Like many of his Stags’ teammates, Macaraya moved up to the PBA suiting up for Swift and Sta. Lucia.

Almost three decades later, Macaraya, the former San Sebastian Stags hotshot finds himself coaching the Centro Escolar University Scorpions in NAASCU and Café France in the PBA D-League.

Coaching is something he never thought he’d get into. However, wanting to extend his role in the game long after he hung up his sneakers, Macaraya found himself on the sidelines teaching the rudiments of the game. “Hindi ko akalain na mag-co-coach tayo. Pero happy naman ako. Maraming challenges kasi bilang head coach na hindi mo naranasan as a player. Mas well-rounded ka.”

And unlike the scoring feat for which he is known, he preaches a little known facet of his game – defense.

“When I was playing even for San Sebastian, I played a lot of defense,” he bared. “Not many players do that at the two-guard position but I loved stopping my opponent.”

“Medyo glamoroso yung scoring,” the coach noted of players’ mentality. “Everyone wants to score. The hard part is getting them to play defense. Iba rin yung satisfaction of stopping an opponent. And everyone knows that defense is a key in winning a championship. No defense. No championship. Ganyan lang ka-simple.”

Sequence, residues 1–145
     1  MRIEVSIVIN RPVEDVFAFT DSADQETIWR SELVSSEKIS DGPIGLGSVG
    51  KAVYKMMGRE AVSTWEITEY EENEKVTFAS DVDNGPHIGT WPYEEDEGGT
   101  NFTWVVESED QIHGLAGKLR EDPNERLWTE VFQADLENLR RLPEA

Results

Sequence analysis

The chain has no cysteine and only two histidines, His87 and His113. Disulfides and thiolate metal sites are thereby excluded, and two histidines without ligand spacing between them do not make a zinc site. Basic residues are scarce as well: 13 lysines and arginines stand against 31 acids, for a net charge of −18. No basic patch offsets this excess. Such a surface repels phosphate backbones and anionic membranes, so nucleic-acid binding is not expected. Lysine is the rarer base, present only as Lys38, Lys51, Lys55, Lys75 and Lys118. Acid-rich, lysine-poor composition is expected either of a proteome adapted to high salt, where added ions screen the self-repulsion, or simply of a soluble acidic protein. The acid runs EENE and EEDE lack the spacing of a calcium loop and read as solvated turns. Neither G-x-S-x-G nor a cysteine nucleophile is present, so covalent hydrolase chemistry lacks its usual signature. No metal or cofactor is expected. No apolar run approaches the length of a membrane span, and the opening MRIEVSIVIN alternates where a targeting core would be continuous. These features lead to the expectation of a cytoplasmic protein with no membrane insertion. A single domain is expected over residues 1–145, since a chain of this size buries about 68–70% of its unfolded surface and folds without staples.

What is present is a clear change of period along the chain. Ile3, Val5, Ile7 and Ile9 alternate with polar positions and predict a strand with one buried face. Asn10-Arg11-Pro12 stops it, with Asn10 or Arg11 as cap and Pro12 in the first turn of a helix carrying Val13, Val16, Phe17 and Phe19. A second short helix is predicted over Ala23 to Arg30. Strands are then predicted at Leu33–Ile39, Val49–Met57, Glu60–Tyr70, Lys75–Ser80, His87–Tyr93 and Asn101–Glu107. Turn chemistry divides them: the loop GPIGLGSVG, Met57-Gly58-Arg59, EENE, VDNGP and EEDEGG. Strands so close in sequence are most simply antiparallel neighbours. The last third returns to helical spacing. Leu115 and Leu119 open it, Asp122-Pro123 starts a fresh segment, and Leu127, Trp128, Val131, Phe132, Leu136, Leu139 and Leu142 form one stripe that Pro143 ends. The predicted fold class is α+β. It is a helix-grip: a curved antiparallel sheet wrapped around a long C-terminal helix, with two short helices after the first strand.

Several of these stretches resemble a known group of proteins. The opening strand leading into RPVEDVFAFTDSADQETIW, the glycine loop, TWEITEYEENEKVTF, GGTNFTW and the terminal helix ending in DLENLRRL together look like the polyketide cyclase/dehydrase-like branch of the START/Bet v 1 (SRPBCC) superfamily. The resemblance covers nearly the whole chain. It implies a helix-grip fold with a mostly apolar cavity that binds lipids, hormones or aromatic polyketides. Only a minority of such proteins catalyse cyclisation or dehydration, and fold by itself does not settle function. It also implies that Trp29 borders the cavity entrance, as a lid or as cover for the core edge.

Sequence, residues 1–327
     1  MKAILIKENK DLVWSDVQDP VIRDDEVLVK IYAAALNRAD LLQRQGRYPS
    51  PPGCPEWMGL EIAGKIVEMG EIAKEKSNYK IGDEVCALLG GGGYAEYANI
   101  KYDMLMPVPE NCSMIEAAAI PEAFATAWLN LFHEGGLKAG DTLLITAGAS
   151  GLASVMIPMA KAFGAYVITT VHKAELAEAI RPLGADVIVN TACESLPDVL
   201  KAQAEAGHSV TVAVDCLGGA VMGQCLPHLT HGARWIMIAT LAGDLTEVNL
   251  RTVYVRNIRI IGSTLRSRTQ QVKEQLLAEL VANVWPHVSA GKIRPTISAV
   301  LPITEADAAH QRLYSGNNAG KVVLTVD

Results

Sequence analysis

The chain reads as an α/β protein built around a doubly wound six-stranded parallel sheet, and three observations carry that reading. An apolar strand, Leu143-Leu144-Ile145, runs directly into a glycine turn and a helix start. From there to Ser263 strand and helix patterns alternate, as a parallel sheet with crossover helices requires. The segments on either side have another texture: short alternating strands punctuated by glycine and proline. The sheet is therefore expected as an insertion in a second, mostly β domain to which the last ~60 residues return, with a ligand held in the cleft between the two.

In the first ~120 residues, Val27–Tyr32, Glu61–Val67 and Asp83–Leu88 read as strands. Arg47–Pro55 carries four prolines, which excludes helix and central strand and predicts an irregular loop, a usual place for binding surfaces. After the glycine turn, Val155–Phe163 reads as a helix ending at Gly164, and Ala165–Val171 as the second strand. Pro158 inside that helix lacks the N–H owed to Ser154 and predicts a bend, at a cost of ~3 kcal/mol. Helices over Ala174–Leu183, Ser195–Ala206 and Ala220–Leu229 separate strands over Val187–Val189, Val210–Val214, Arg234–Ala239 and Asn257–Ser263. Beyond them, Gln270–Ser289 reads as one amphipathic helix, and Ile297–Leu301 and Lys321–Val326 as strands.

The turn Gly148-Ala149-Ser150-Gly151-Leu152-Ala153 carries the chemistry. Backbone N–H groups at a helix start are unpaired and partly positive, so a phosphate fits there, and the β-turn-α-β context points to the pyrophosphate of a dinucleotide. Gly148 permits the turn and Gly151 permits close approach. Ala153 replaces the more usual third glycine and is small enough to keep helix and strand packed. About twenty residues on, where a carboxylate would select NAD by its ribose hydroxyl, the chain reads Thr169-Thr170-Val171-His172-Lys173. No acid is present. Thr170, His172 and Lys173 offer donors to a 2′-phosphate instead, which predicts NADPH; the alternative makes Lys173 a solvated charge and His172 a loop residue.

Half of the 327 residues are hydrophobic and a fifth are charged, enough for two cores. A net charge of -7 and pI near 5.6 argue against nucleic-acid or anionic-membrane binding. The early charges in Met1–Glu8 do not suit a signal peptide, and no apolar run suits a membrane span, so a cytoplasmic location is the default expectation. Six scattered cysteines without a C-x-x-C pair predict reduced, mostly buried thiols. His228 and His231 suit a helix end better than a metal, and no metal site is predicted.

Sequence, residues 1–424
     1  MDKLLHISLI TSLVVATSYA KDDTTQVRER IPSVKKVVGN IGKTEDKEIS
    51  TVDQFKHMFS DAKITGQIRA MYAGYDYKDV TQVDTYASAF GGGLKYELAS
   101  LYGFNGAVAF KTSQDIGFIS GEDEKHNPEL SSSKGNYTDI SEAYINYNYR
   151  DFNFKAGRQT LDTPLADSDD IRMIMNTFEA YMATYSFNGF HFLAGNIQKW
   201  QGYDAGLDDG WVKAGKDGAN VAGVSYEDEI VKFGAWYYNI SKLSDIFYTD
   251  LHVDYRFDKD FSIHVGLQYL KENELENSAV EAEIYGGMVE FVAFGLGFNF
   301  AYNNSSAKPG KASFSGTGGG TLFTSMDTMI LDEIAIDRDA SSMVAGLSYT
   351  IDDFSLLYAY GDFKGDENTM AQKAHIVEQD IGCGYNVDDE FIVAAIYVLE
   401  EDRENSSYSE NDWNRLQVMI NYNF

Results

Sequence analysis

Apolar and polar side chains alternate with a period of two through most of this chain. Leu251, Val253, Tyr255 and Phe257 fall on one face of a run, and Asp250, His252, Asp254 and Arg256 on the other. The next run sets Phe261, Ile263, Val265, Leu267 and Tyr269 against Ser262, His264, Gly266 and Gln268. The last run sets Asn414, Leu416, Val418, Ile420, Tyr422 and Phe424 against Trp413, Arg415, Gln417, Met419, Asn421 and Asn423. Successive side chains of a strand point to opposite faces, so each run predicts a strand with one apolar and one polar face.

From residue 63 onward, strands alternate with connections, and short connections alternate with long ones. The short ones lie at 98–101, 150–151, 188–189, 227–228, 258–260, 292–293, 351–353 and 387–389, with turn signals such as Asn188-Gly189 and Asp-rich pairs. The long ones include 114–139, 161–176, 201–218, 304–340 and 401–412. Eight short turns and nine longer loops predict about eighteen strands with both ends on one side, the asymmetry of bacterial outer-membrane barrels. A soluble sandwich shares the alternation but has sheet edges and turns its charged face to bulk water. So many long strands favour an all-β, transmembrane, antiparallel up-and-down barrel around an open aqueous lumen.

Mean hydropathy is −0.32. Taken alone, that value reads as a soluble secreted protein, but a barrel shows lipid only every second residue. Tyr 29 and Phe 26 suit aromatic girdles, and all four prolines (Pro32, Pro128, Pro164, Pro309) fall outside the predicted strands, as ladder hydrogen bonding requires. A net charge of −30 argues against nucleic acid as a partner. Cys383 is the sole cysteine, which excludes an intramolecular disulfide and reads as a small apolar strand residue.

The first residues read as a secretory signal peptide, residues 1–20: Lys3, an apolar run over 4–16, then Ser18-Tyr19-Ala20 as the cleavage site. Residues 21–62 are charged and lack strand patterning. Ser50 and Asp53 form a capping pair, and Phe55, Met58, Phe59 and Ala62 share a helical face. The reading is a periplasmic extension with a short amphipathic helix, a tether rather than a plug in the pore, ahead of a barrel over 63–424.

With CEU, Macaraya piloted the Scorpions to their first NAASCU title last season in the process unseating erstwhile defending champion, St. Clare (he learned his chops assisting another former Stags star Topex Robinson at San Sebastian). “You have to make believers out of everyone.”

Now in the summer Filoil Flying V Hanes Premier Cup, Macaraya hopes that his wards will learn from the experience of playing the best college teams from around the country. “You have to look at this from a different perspective,” he quipped. “This is a whole new learning experience for all of us. And we are moving to a bigger stage.”

Monday, April 21, 2014

Man on a mission: Derrick Pumaren returns to UE

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Man on a mission: Derrick Pumaren returns to UE
by rick olivares